A Kentucky college that was the first rural recipient of a federal Promise Neighborhood implementation grant is hosting a Rural Education Summit that kicks off today.
The two-day gathering will be held at Berea College and organizers hope it will give practitioners, policymakers, and others who are passionate about rural education the opportunity to connect and talk about issues facing the field.
Wednesday’s sessions are dedicated to discussions on how to improve educational outcomes in rural America, and Thursday will be spent visiting rural schools that are part of the college’s Promise Neighborhood grant. Officials plan to feature work that can be deepened or replicated in other rural areas.
Yours truly is here at Berea to cover the conference. In preparing to for the trip, I’ve been researching Berea, the roughly 1,600-student liberal arts college hosting the summit. It’s known as the first college in the South to be coed and integrated, and it doesn’t charge tuition (?!). Every student is required to work at least 10 hours on campus.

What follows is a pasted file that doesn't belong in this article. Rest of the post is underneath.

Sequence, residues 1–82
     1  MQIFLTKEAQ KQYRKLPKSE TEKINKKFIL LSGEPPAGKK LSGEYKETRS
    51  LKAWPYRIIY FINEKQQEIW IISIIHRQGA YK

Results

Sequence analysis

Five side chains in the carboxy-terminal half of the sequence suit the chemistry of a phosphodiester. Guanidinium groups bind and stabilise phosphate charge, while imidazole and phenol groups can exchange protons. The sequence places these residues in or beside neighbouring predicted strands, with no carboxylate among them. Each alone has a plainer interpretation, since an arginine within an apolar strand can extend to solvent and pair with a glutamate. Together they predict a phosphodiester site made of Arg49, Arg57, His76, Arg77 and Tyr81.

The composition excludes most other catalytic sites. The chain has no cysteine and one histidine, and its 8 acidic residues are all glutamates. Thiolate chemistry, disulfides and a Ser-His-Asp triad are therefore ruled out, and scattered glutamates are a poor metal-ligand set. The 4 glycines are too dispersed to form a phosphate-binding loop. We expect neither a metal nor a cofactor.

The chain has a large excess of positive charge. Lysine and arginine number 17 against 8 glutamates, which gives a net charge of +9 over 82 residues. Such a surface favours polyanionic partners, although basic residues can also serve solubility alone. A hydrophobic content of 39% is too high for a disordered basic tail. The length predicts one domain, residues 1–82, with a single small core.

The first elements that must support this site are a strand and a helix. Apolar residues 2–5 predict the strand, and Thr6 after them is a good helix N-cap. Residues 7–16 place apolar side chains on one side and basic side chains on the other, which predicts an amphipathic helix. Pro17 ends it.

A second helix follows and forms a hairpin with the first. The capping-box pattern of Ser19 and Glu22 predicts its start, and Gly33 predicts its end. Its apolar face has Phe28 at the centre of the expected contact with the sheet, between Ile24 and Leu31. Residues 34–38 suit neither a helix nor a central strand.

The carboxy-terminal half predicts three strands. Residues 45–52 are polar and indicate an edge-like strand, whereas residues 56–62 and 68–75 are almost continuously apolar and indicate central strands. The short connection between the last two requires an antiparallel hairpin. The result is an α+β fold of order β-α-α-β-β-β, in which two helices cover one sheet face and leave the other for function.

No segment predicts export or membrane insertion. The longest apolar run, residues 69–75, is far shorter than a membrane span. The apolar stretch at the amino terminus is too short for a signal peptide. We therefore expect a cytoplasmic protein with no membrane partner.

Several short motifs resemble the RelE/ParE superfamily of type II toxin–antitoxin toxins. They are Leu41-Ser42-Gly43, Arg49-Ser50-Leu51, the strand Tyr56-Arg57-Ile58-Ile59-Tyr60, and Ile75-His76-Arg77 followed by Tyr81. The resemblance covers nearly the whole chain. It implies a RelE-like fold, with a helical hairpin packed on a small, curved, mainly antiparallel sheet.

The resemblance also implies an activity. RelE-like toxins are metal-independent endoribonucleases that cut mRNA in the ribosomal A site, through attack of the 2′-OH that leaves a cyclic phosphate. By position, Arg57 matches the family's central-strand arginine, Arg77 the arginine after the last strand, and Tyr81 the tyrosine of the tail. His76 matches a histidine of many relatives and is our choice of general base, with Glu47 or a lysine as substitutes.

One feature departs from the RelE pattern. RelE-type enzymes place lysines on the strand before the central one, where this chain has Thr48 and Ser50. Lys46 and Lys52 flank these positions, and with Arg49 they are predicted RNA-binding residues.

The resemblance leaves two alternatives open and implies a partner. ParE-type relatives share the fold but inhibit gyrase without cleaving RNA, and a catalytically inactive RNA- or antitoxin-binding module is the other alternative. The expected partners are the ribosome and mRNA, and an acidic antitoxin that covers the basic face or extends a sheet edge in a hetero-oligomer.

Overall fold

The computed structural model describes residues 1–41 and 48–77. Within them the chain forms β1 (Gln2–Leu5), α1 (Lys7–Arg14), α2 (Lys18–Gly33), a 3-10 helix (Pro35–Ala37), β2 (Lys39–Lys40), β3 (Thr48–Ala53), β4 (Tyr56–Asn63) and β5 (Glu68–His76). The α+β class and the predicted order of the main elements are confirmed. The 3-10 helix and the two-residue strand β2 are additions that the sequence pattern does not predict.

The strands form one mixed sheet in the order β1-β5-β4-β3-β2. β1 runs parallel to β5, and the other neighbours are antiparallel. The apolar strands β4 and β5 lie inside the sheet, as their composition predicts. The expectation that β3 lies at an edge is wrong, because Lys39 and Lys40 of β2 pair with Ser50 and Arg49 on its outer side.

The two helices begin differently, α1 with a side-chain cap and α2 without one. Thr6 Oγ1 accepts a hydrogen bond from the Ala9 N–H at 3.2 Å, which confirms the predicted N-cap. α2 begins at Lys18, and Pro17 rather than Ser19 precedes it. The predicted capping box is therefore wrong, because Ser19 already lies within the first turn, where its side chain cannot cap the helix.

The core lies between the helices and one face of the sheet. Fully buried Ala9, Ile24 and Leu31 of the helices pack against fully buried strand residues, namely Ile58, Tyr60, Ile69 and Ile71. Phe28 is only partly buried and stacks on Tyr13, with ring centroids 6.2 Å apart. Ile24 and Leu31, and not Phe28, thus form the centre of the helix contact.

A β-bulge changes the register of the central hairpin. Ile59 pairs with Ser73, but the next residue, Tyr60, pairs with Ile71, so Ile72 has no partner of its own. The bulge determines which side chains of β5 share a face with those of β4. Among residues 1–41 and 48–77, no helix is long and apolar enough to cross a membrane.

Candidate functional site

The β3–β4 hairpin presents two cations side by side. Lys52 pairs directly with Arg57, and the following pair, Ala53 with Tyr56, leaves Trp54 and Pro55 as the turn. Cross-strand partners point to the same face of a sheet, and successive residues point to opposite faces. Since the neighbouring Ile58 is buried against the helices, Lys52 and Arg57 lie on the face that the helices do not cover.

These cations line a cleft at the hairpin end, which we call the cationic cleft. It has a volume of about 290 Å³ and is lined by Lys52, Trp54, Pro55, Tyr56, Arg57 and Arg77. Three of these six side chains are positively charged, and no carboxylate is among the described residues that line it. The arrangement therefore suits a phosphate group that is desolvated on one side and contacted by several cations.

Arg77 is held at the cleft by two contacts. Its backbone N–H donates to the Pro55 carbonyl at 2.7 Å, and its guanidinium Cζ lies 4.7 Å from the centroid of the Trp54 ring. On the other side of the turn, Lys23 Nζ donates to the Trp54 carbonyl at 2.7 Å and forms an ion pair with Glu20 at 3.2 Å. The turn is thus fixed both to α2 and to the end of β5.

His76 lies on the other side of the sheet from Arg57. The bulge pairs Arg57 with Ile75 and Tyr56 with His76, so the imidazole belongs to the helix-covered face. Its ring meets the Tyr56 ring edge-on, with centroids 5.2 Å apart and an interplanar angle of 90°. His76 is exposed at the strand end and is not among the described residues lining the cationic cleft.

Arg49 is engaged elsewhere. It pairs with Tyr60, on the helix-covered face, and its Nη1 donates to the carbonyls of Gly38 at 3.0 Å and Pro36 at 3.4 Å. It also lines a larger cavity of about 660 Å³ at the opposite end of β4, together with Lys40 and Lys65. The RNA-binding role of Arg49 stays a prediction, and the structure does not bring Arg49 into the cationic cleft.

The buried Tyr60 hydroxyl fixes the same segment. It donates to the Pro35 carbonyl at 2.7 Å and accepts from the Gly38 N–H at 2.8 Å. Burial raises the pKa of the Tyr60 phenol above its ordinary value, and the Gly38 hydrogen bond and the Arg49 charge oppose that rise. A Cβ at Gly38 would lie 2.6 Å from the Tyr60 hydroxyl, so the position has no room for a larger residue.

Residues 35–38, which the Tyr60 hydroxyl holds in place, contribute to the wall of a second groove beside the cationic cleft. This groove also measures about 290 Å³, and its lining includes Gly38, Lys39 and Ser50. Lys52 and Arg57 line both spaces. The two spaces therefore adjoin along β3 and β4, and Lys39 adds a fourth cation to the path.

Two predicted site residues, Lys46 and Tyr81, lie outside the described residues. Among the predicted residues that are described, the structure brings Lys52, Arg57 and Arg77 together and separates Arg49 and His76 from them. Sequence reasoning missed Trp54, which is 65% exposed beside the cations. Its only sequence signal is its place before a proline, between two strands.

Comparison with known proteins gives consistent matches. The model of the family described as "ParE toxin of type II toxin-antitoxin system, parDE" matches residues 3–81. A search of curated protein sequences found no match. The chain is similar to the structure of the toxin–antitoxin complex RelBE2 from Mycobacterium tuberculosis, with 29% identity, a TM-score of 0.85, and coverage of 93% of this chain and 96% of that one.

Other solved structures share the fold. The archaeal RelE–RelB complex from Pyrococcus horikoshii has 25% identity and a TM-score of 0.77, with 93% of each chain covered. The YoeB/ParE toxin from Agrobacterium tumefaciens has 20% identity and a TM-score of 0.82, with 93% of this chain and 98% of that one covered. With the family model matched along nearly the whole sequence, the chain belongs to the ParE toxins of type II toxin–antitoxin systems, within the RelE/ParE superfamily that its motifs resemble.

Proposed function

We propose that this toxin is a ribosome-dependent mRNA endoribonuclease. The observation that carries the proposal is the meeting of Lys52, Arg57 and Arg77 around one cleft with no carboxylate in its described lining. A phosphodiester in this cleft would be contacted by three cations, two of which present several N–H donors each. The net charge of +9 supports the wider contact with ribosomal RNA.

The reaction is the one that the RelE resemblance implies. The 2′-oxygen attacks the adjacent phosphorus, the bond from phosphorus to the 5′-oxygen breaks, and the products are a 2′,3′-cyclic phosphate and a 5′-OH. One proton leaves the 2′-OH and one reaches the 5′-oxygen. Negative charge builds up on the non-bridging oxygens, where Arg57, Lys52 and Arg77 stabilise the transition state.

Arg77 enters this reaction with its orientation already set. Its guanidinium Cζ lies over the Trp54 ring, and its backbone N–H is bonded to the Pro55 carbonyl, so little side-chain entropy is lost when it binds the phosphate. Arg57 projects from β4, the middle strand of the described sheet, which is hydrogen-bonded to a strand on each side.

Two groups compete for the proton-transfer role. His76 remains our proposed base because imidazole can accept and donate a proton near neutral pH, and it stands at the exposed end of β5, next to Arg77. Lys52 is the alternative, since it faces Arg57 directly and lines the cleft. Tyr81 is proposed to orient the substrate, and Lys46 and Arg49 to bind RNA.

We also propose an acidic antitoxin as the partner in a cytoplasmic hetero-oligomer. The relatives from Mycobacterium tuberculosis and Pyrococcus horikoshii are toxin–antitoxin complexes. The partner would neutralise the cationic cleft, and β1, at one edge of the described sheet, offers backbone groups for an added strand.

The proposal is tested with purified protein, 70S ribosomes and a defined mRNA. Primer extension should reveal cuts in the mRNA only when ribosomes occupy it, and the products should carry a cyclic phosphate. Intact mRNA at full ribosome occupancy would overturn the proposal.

What’s even more interesting is that this college only accepts students who have academic potential and can demonstrate financial need. The college has a policy that determines whether students are financially eligible. Berea generally only takes applications from families whose income is in the bottom 40 percent nationally, according to Wikipedia.
Nearly 70 percent of its students come from Appalachia and Kentucky, and 54 percent of first-year students come from families where neither parent has a college degree.
It’s an interesting place, and I’m looking forward to digging into the details of its Promise Neighborhood initiative.
Stay tuned for more blog posts on what I learn while in Kentucky. Follow me on Twitter for the latest updates.
A version of this news article first appeared in the Rural Education blog.